Wednesday, October 14, 2009

Wednesday, 28th Wk: “Woe also to you scholars of the law!"

You impose on people burdens hard to carry, but you yourselves do not lift one finger to touch them.”

Christ is the source of this grace. "Just as of old God encountered his people with a covenant of love and fidelity, so our Savior, the spouse of the Church, now encounters Christian spouses through the sacrament of Matrimony." Christ dwells with them, gives them the strength to take up their crosses and so follow him, to rise again after they have fallen, to forgive one another, to bear one another's burdens, to "be subject to one another out of reverence for Christ," and to love one another with supernatural, tender, and fruitful love. In the joys of their love and family life he gives them here on earth a foretaste of the wedding feast of the Lamb:

How can I ever express the happiness of a marriage joined by the Church, strengthened by an offering, sealed by a blessing, announced by angels, and ratified by the Father? . . . How wonderful the bond between two believers, now one in hope, one in desire, one in discipline, one in the same service! They are both children of one Father and servants of the same Master, undivided in spirit and flesh, truly two in one flesh. Where the flesh is one, one also is the spirit.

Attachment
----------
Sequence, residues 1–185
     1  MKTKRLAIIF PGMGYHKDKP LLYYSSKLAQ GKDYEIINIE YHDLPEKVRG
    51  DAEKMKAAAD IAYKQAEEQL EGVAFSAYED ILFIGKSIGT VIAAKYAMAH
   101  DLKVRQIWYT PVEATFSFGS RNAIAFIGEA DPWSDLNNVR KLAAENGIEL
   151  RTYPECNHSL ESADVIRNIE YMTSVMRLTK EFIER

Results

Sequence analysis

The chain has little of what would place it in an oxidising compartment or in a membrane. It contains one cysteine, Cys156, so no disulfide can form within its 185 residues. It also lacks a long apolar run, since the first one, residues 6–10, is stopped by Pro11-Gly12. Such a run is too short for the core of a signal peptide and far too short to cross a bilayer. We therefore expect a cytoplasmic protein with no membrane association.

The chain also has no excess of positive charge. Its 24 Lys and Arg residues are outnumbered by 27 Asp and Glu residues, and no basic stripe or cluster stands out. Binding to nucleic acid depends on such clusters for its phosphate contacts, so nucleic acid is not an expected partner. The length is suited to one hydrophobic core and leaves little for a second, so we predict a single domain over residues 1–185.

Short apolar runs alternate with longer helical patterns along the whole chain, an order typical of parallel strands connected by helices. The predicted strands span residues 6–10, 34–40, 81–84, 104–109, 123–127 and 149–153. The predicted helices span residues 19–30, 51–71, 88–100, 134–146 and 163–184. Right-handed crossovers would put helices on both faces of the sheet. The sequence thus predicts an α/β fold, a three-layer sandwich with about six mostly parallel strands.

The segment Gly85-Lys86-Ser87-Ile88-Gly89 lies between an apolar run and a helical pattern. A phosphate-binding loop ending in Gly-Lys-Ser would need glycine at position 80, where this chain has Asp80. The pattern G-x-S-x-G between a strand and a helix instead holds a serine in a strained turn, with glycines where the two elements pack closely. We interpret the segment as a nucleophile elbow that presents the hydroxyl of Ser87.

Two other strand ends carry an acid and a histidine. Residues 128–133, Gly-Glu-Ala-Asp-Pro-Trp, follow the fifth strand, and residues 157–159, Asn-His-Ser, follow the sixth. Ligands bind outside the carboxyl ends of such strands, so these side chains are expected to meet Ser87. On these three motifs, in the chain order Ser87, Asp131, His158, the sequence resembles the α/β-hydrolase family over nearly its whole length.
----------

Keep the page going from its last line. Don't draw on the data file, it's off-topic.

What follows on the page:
-- CCC 1642
Periodic continence, that is, the methods of birth regulation based on self-observation and the use of infertile periods, is in conformity with the objective criteria of morality. These methods respect the bodies of the spouses, encourage tenderness between them, and favor the education of an authentic freedom. In contrast, "every action which, whether in anticipation of the conjugal act, or in its accomplishment, or in the development of its natural consequences, proposes, whether as an end or as a means, to render procreation impossible" is intrinsically evil:

Thus the innate language that expresses the total reciprocal self-giving of husband and wife is overlaid, through contraception, by an objectively contradictory language, namely, that of not giving oneself totally to the other. This leads not only to a positive refusal to be open to life but also to a falsification of the inner truth of conjugal love, which is called upon to give itself in personal totality. . . . The difference, both anthropological and moral, between contraception and recourse to the rhythm of the cycle . . . involves in the final analysis two irreconcilable concepts of the human person and of human sexuality.
-- CCC 2370

The regulation of births represents one of the aspects of responsible fatherhood and motherhood. Legitimate intentions on the part of the spouses do not justify recourse to morally unacceptable means (for example, direct sterilization or contraception).
-- CCC 2399

No comments: